A new study led by UCLA Health researchers reveals that women over the age of 50 who breastfed their babies performed better on cognitive tests than women who had never breastfed. I did. Findings published in Evolution, Medicine and Public Health show that breastfeeding can have a positive impact on postmenopausal women’s cognitive abilities and may have long-term benefits to the mother’s brain. Suggests.
“Many studies have shown that breastfeeding improves the long-term health and well-being of children, but our study examines the long-term health effects of breast-fed women. It’s one of the few studies, “says Molly Fox, Ph. D. , The lead author of the study, and an assistant professor at the UCLA Faculty of Anthropology and the Faculty of Psychiatry and Biobehavioral Sciences said in the release. “Our findings showing superior cognitive abilities among breast-fed women over the age of 50 suggest that breast-feeding may be” neuroprotective “in later years. “
Studies show that cognitive impairment after age 50 can be a major form of dementia and a powerful predictor of Alzheimer’s disease, a cause of disability in the elderly. Women make up nearly two-thirds of Americans with Alzheimer’s disease.
In other studies, the stages of a woman’s reproductive life history, such as menstruation, pregnancy, breastfeeding, and menopause, may be associated with a higher or lower risk of developing various health conditions such as depression and cancer. Is shown. However, few studies have investigated breastfeeding and its long-term cognitive effects. Of those studies, contradictory evidence reveals whether breastfeeding may be associated with better cognitive abilities or risk of Alzheimer’s disease in postmenopausal women. ..
“What we know is that there is a positive correlation between breastfeeding and reduced risk of other illnesses such as type 2 diabetes and heart disease, and these conditions are associated with AD (Alzheimer’s disease). It is strongly associated with increased risk. ”Helen Lavretsky, MD, senior author of the study and professor of psychiatry and biobehavioral science at the Semel Institute for Neuroscience and Human Behavior at UCLA, said in the release. ..
The study in this study analyzed data from women in two cross-sectional randomized controlled 12-week clinical trials at UCLA Health.The first was the connectivity and response of the brain to tai chi in geriatrics.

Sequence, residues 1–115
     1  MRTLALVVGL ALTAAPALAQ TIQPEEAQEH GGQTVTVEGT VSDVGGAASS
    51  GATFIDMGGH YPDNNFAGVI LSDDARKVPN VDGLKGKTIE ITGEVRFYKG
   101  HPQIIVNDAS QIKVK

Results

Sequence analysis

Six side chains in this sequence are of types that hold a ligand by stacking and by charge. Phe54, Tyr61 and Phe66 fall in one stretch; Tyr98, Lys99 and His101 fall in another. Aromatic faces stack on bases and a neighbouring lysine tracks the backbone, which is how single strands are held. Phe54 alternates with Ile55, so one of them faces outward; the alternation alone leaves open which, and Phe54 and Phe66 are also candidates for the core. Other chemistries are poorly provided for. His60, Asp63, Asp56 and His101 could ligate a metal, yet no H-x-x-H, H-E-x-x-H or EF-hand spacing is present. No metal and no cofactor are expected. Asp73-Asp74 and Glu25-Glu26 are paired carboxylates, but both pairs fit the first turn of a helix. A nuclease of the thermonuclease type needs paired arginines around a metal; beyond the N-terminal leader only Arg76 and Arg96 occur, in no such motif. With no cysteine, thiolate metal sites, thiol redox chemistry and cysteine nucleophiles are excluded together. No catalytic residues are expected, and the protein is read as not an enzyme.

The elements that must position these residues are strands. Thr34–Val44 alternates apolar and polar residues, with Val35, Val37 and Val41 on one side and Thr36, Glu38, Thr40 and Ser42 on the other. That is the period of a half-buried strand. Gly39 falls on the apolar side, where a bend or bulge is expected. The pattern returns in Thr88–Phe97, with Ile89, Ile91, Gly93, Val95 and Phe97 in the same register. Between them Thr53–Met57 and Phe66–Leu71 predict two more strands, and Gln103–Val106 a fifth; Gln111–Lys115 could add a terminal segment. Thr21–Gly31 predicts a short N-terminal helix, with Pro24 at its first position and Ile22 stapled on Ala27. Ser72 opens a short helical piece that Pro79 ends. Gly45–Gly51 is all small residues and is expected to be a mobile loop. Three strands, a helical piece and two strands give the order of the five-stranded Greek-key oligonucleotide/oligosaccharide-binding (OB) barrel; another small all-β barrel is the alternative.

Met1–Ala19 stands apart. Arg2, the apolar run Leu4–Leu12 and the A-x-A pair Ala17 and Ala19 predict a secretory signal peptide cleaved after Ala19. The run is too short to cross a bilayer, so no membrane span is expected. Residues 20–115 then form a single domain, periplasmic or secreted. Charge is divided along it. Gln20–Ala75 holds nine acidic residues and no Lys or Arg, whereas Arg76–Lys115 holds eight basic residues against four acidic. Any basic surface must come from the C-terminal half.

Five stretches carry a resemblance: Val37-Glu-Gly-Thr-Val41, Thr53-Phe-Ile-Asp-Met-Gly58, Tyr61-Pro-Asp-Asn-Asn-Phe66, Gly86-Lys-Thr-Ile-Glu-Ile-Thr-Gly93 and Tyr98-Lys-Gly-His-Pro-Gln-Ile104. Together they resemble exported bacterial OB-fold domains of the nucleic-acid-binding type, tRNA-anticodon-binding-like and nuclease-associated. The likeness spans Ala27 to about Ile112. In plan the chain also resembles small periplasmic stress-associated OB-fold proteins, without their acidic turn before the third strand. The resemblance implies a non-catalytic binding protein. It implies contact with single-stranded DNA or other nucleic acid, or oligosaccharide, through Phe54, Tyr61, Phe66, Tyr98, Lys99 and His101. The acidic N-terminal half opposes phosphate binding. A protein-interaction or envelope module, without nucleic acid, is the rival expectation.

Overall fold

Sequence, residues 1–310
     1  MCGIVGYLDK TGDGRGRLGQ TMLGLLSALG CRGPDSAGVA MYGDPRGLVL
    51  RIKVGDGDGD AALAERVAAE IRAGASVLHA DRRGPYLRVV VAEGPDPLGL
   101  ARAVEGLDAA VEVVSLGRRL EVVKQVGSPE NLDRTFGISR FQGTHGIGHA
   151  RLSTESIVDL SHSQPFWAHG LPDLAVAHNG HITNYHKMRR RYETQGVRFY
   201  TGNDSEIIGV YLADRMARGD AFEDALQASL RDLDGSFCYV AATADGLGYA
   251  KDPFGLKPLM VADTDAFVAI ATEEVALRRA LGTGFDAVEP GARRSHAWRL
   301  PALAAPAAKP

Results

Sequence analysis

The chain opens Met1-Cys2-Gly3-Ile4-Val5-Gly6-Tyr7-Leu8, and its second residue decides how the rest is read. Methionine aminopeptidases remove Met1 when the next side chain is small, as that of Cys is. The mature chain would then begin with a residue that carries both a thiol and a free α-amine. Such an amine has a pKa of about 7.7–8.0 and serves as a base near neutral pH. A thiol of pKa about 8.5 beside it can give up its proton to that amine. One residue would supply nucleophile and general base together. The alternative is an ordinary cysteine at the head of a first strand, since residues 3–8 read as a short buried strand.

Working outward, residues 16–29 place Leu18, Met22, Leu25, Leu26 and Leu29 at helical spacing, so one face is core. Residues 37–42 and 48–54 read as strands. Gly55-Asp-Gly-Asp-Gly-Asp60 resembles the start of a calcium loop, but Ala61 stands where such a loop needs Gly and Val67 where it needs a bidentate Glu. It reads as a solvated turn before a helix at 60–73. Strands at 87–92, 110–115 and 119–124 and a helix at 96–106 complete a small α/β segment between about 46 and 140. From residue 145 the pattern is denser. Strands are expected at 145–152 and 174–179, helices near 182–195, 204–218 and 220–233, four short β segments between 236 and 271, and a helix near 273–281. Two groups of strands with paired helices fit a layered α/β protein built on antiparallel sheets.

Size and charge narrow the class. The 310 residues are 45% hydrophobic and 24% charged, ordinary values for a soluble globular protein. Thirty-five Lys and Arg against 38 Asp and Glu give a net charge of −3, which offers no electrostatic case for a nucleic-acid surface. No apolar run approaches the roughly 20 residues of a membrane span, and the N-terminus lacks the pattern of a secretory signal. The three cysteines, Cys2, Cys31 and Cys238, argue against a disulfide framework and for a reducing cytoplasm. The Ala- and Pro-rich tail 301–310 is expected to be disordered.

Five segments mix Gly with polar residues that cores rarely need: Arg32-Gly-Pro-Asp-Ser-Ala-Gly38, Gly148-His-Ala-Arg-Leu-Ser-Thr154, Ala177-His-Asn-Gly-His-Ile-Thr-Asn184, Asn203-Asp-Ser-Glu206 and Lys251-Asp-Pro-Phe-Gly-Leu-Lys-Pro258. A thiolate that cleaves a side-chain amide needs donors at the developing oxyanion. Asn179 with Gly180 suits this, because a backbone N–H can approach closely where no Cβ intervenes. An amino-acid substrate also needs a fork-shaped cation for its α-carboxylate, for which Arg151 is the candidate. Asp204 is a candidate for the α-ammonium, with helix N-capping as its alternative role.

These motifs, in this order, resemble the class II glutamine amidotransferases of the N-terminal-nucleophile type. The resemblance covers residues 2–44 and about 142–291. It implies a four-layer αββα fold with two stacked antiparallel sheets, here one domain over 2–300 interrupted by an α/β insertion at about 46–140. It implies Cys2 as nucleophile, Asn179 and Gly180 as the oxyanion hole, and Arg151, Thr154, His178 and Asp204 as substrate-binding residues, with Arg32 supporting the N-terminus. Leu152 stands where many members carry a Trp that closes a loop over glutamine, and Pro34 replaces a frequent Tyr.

Depression and cognitive decline. The other was to reduce the risk of Alzheimer’s disease in women at high risk through yoga and memory training. Some of the participants in the study were non-depressive participants with some subjective memory dissatisfaction and risk of heart disease.
“Breastfeeding has also been shown to help regulate stress, promote infant ties and reduce the risk of postpartum depression, suggesting acute neurocognitive benefits for mothers. Because of this, I thought it might also be related to good long-term cognitive abilities, including my mother, “Fox said.
Two trials selected 115 women to participate and identified 64 as depressed and 51 as non-depressed. All participants completed a comprehensive psychological test to measure learning, delayed recall, executive function, and processing speed.
None of the participants were diagnosed with dementia or bipolar disorder, alcohol or drug addiction, neuropathy or other disorders, or other psychiatric disorders such as taking psychotropic drugs.
Cognitive test results show that breast-fed women perform better on all four tests that measure learning, delayed recall, executive function, and processing compared to non-breast-fed women. I made it.
“Future research is needed to investigate the relationship between women’s breastfeeding history and cognitive abilities in larger, geographically diverse groups of women. Women today are historically done. Given the shorter frequency and duration of breastfeeding than it is, it is important to better understand the health effects of breastfeeding for women, “Fox said in the release.
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